The Great Inca Trail or “Qhapaq Ñan” in the Quechua language, was the main axis of a great road system that had approximately 30 thousand kilometers of roads. An extensive communication network that had been organized throughout the many centuries of Andean civilization (pre-Inca) and that the Incas had articulated, as part of an integrating and expansionist political project of continental magnitude called Tawantinsuyu, which reached its maximum expression in the fifteenth century.
The road system is structured on the basis of longitudinal and transversal roads, strategically arranged with the Andes Mountain Range as the backbone; People passed through its lines and knowledge, ideas and customs traveled with them, as well as products linking and integrating various ecological floors characteristic of the Andean region.
This road network linked the entire Tahuantinsuyo through the current territories of Argentina, Bolivia, Chile, Colombia, Ecuador and Peru, crossing deserts, agricultural areas, mountain ranges, swamps, etc. All routes departed from Cusco, the Imperial city. The most important of them is the one that went in the direction of Quito, the current capital of Ecuador.
The Qhapaq Ñan mainly meant the base of the Inca political expansion, since it allowed the rapid mobilization of the armies and of the state officials. In addition, it facilitated the transport of valuable resources, such as metals, spondylus shells, wood, coca leaves, textiles, etc.
The tambos, enclosures that were used as shelters and warehouses, were arranged along the roads to allow travelers to rest and store their belongings. They were usually rectangular in shape and divided into several independent spaces. There were tambos of different sizes: the largest had residential areas, squares and warehouses, and were used to house the Inca and his entourage. The smaller ones served as inns for the chasquis, who were messengers from Tahuantinsuyo.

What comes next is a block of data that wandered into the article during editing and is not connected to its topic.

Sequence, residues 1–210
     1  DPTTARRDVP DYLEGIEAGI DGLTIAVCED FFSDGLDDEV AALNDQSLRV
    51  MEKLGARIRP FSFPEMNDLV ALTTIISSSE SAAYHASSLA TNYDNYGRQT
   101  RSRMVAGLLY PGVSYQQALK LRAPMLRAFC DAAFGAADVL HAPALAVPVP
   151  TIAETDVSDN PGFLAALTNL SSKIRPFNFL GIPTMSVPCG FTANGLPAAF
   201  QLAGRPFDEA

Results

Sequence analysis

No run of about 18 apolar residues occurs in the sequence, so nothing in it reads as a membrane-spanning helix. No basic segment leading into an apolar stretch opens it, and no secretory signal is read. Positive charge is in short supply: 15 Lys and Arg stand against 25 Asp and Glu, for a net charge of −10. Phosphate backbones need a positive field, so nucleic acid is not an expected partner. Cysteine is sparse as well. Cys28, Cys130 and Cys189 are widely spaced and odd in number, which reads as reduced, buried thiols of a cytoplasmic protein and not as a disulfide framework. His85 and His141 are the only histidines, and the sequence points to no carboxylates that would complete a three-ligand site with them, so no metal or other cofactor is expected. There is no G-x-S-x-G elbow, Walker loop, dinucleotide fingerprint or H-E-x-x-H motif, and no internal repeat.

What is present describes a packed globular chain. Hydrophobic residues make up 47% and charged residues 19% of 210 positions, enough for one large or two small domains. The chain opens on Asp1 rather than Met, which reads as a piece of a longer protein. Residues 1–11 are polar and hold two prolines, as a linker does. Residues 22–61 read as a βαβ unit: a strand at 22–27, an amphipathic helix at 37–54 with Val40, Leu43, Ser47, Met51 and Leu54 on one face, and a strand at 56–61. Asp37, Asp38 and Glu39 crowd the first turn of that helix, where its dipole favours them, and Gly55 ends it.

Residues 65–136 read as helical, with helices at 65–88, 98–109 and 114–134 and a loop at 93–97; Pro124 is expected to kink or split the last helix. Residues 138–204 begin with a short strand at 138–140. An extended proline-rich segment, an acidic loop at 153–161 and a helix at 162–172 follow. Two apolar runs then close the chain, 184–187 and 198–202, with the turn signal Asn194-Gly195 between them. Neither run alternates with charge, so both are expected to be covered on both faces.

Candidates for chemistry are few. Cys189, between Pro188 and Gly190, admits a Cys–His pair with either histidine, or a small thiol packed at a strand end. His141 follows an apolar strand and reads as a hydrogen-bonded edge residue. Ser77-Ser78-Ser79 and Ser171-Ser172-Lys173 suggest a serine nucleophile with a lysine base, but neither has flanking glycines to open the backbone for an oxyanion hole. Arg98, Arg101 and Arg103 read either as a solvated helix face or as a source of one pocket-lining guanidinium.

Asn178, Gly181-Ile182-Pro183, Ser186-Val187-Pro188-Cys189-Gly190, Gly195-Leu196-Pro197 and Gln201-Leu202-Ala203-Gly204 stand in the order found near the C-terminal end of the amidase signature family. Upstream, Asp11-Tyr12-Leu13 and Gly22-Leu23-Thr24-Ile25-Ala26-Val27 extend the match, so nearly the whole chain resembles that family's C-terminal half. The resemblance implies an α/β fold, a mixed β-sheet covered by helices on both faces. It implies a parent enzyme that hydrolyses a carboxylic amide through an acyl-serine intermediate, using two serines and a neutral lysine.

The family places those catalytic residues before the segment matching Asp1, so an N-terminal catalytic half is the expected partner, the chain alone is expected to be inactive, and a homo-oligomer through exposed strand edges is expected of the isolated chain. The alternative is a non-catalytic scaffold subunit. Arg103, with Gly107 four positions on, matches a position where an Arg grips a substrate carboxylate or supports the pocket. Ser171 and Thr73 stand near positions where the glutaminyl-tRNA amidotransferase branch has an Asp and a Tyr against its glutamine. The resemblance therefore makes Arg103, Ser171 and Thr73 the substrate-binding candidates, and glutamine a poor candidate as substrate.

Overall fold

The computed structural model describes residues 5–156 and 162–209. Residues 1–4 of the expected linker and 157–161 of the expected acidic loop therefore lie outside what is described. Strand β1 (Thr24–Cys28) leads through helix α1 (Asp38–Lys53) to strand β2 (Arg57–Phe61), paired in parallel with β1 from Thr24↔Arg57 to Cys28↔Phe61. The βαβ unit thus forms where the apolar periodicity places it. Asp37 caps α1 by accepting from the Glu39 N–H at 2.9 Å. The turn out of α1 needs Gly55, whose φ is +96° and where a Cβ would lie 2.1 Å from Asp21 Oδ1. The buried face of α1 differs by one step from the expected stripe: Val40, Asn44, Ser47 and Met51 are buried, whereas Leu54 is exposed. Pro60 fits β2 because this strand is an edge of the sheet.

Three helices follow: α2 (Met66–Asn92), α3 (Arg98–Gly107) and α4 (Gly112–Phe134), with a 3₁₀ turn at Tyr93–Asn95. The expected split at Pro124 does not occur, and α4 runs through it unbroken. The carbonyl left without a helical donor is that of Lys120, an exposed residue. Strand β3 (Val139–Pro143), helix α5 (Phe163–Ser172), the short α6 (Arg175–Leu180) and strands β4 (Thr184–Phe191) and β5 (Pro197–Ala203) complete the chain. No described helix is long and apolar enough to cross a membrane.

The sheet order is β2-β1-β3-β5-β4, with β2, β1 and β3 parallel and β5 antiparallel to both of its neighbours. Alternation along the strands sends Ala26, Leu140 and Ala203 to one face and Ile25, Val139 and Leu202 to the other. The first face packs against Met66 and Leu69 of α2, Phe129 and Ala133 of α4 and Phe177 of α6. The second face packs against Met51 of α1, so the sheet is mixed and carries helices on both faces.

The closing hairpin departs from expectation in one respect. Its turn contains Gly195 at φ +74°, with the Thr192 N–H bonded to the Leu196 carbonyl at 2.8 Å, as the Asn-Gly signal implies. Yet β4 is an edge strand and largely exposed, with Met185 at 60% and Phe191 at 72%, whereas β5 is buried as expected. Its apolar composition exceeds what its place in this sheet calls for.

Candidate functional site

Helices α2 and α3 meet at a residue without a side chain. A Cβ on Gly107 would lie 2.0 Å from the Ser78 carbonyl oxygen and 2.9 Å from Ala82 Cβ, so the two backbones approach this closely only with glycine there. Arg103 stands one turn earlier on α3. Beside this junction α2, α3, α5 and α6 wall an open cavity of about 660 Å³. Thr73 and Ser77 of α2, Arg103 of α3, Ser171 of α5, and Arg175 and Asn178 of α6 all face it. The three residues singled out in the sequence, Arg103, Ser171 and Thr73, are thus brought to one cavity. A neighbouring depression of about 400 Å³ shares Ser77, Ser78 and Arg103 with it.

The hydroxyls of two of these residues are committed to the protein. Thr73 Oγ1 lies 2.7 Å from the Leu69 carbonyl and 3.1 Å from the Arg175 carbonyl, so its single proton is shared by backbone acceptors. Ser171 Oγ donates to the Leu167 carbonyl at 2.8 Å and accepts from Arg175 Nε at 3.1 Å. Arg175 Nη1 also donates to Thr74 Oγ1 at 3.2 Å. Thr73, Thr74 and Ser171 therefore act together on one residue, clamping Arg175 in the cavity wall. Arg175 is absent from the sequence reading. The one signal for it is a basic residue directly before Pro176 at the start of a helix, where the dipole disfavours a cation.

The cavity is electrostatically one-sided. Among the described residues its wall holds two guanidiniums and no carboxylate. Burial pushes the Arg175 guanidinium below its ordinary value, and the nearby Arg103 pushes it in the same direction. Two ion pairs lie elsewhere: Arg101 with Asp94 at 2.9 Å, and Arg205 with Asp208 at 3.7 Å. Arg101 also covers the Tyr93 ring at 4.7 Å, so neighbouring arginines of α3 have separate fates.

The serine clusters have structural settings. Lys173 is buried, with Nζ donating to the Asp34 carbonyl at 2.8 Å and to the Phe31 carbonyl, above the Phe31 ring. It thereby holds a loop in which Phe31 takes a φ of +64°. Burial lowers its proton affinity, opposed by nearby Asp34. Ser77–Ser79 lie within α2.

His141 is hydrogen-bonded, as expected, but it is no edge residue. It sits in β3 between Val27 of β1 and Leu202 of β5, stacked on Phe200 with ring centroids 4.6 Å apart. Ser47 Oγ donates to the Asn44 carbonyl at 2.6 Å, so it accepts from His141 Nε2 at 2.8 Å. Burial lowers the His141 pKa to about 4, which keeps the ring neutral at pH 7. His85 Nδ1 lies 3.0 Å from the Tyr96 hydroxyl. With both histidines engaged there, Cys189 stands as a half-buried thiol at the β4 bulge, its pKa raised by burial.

The construction of bridges was also decisive for the Qhapaq Ñan, because thanks to these, the Incas were able to cross slopes, rivers and, in general, a rugged Andean geography. Some of these platforms were built with stones and others with wood. There were also suspension bridges that were built with vegetable fibers, as is the case of the Q’eswachaka, considered the last Inca bridge that remains in force until today.
The Incas were not the only ones who built roads to link their territories. Many of the routes that they used and integrated into their road system were built by the cultures that preceded them. These paths were exclusively local and linked sacred centers or huacas with small towns.
Some archaeological complexes of the Wari culture, such as Piquillacta, for example, had important road systems. Other evidence of pre-Inca roads is found in the Moche Valley, on the north coast of Peru, and in Lima, where roads were built on both banks of the Chillón River, in Pachacámac, and in the Cañete River Valley. These roads were crossed by others that reached the Andean areas, and even the Amazon. In 2014 it was named a UNESCO World Heritage Site.